August 20th, 2011 - By Therese Madden
Refugees from Bhutan and Burma tend a community farm in South Philadelphia. They not only grow vegetables of their homeland, but also a sense of community in their new country.
In this South Philadelphia community garden there's a lot of translating going on. "What do you call this? We call that lambs quarter." Damber Basdola is holding up a green leaf, she learns that in the U.S. this leaf is considered a weed, but to Damber who was born in Bhutan, it's delicious. They sauté it up like spinach, as her husband explains, "put a little oil, salt, and fry it…"
Surrounded by tomato plants, okra and chile peppers, the couple stands with their young son, and they smile. It's been 19 years since they've been in a garden, but not out of choice. The Basdola's have been living in a refugee camp in Nepal, before that they were farmers in Bhutan. In the camps they lived in small huts, there were no gardens and very little in the way of food, especially vegetables. Damber's husband, Dina remembers, "camp is very difficult to live, we did not get green vegetables and we also did not get meat, milk, is very difficult to get we did not have money at that time."
For 19 years they ate only rations, which consisted of mostly white rice and some dal, which is basically like a lentil soup. Dina and his family have only been in the U.S. for 2 months, but his English is pretty good. "You want to see my garden? Yeah, let's go." The Growing Home Community Gardens are built on 12 lots and are shared by 70 families, mostly other recent refugees from Bhutan and Burma. It's a project of the Nationalities Service Center, an organization that helps refugees and immigrants resettle in their new homes. These new homes are in a run down section of South Philly, a neighborhood that was somewhat abandoned in the 70's and 80's, leaving behind a large number of vacant lots.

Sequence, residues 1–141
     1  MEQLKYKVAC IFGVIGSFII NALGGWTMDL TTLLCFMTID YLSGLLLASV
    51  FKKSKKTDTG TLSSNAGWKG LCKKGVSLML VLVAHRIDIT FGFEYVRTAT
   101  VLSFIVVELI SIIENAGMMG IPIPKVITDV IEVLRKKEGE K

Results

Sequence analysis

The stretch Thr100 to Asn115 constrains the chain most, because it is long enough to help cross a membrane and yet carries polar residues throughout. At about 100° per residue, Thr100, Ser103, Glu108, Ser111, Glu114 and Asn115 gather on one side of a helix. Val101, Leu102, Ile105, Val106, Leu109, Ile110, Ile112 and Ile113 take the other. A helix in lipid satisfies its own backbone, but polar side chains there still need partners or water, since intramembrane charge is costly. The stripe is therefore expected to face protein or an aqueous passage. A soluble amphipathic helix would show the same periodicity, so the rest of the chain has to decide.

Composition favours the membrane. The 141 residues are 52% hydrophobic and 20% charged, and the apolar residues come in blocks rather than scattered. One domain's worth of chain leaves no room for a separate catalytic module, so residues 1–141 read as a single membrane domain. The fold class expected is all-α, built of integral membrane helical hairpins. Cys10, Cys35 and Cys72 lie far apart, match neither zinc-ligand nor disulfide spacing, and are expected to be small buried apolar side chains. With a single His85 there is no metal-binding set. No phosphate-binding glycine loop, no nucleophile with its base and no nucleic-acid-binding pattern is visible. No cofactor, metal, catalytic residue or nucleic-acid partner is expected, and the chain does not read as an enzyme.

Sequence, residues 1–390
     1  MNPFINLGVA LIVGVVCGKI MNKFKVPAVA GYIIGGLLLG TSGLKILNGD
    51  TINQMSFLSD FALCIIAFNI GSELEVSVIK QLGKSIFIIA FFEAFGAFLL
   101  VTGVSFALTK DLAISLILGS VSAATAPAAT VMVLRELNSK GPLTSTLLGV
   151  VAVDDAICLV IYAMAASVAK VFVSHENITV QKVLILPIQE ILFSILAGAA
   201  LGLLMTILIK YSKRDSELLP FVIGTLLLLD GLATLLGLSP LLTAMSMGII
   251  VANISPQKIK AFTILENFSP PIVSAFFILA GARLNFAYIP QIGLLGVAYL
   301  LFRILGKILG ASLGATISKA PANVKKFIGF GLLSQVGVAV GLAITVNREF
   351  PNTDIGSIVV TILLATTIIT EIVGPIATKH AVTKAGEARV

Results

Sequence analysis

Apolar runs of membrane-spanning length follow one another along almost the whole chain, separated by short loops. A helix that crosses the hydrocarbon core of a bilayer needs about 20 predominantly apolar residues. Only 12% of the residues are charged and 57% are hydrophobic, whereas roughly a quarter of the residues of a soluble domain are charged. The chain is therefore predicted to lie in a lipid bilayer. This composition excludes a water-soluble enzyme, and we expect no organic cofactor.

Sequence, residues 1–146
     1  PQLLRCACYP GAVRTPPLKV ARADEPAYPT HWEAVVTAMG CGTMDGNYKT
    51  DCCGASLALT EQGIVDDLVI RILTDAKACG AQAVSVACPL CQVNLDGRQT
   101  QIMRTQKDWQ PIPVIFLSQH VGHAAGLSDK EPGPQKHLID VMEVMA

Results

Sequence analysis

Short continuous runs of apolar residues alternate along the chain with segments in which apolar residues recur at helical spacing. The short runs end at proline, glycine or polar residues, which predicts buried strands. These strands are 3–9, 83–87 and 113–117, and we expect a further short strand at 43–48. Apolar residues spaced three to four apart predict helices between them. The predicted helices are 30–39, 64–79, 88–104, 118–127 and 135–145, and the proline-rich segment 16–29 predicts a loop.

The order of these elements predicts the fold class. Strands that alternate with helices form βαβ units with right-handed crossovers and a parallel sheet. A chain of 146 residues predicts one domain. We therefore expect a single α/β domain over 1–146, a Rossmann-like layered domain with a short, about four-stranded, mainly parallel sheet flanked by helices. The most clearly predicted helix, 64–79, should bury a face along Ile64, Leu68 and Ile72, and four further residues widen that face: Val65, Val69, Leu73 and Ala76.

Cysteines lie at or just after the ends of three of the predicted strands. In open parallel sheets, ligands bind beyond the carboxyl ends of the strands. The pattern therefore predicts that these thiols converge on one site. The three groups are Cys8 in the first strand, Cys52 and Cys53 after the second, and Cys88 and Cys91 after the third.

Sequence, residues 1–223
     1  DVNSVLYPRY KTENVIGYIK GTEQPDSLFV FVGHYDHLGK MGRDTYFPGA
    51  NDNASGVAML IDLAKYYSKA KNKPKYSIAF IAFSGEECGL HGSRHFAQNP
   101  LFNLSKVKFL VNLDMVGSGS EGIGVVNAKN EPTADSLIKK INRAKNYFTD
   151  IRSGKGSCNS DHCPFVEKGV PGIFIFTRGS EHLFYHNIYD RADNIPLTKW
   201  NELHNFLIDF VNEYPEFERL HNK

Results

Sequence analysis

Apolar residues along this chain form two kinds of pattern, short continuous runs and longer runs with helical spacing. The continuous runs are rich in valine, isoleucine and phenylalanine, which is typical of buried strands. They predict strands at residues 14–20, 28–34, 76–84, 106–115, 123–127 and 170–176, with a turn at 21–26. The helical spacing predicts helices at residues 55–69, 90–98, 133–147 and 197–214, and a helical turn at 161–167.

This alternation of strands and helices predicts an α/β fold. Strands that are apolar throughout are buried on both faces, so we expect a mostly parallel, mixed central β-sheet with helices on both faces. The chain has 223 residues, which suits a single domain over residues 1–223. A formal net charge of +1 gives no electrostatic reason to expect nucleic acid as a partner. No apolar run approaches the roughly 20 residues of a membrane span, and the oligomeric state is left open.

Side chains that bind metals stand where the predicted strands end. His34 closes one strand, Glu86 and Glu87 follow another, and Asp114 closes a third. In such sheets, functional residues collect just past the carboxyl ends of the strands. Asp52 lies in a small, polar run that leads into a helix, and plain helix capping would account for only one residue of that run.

Adam Forbes is the gardening coordinator, this is the first year of the project. "So all these gardens just started in March of this year, before that these were all vacant lots filled with 20 years of trash and weeds. So, since March we cleared them and had really hundreds of Bhutanese and Burmese families out working and creating all these gardens and growing a lot of food that they get to all bring back for their families."
This garden is also a gathering place. Almost every night families gather around 3 picnic tables, "it's breaking a sense of isolation, it's giving them confidence to come out of their homes." Juliane Ramic is Director of Social Services at the Nationalities Service Center. Some of the Burmese refugees have never even seen a bus before, or electricity, and the whole experience can be overwhelming. For some people, especially the elders who don't speak any English, it can be very depressing. Ramic says in addition to helping refugees find homes and jobs, it's important to help them integrate into the community, something the garden does, "and it's helping them to feel connected to Philadelphia. So, they are feeling like this is there home."
Some of the Burmese families even brought seeds with them when they fled their country. Adam shares the story of one woman named Kin Kin. "She had some seeds from Burma and then she was in refugee camps in Pilao, actually, and she grew some there in a small garden. When she was getting ready to leave to come to the U.S. everyone in Pilao told her that life is very expensive here, and it would be hard to find vegetables. So, she needed to bring some, so, she brought these seeds with her. When she got here she saw there was no where to grow them," but Kin Kin's vegetables are now growing in this garden. 28-year-old Bisnu Kamar was forced to leave Bhutan when she was 8-years-old, but being here brings her back home, "yeah it's very good! I think it's, oh my God! Sometimes I see the garden, I remember my country, Bhutan, in our country it's the same, we plant like this, I feel very excited, it's good."